I was recently swayed by a news story about a water bottle that keeps cold liquids cool and hot liquids warm from a company based in Oregon and bought one.
Problem is the bottle has to remain upright or it pools in my purse.
I returned home with a damp purse and had to dry my wallet and paper money by the fire.
Getting ready to return the leaky bottle, I read through the company literature and found this statement:
“Not recommended for use as a flotation device.”
Does that mean if I’m a passenger on an airplane that has an ocean landing that I can’t use my 8-ounce water flask as a life-saving buoy?
Does the statement from the manufacturer anticipate a lawsuit? I can see a stand-up comedian having fun with the warning label.
I could devote a whole show to describing labels.
Reminds me of the label on a candy decoration I use for Christmas cookies. My mother baked cookies each year and gave away treats to school teachers, neighbors, postal carriers, the milkman, the butcher—anyone within her vortex.
She would garnish home-made sugar cookies with dried fruit, nuts or M&Ms (called Smarties in England).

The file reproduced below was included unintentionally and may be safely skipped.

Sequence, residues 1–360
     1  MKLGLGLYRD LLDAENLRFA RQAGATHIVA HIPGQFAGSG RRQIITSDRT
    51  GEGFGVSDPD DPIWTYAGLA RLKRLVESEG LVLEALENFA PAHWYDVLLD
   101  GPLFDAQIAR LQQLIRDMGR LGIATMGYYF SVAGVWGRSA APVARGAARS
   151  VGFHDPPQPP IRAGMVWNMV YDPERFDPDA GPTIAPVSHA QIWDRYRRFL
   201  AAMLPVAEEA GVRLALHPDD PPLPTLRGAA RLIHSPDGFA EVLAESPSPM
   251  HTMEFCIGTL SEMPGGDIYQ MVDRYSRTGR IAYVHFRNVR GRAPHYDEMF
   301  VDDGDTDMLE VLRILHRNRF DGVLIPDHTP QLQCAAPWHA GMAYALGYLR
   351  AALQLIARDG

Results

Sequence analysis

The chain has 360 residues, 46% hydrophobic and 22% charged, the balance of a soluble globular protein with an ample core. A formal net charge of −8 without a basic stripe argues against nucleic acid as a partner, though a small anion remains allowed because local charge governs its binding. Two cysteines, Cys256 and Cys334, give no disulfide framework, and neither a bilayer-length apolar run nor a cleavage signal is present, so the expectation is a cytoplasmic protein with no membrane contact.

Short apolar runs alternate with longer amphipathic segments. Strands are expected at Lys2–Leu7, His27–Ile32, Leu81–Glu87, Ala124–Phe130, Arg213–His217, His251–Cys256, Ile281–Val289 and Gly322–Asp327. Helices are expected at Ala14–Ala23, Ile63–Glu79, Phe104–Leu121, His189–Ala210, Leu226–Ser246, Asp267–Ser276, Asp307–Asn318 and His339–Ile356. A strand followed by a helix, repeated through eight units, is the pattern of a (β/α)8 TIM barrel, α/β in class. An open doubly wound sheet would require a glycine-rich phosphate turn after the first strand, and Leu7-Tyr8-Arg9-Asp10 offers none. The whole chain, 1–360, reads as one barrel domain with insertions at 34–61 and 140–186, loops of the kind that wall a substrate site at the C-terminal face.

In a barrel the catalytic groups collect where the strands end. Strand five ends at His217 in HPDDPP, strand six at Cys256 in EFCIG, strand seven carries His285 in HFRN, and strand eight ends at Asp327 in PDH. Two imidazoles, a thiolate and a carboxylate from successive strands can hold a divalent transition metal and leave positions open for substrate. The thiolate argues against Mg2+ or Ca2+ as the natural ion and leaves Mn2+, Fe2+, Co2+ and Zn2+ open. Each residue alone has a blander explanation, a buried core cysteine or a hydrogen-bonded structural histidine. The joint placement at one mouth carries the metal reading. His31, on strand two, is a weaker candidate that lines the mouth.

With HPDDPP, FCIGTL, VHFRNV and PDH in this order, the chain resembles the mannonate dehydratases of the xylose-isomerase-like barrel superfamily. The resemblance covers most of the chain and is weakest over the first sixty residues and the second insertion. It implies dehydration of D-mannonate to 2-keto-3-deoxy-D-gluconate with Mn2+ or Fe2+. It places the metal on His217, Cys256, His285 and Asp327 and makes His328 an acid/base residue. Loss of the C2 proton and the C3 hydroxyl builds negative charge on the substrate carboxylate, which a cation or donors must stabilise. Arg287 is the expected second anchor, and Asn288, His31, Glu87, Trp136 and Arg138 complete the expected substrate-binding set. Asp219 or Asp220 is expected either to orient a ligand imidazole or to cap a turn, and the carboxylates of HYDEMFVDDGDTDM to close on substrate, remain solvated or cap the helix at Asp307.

My attempts to replicate her good works pale in comparison. One year I searched and searched Portland for the tiny silver balls—called dragées in French from the Greek Tragemata (for sweet, according to Wikipedia)—that mama used to place on top of cookies.
She used the silver balls for gingermen and gingerwomen’s eyes or Santa’s nose.
I was delighted to find the dragées at an upscale grocery store in the hip Northwest and read the bottle, curious to discover who makes the treats and why they were so hard to find.
The label says that the “3.3 ounce” jar of “multi-pastels” that “add an elegant touch to cakes and cookies” and are made by a company devoted to “gourmet spices and specialties.”
And the dragées?
“For decoration only.”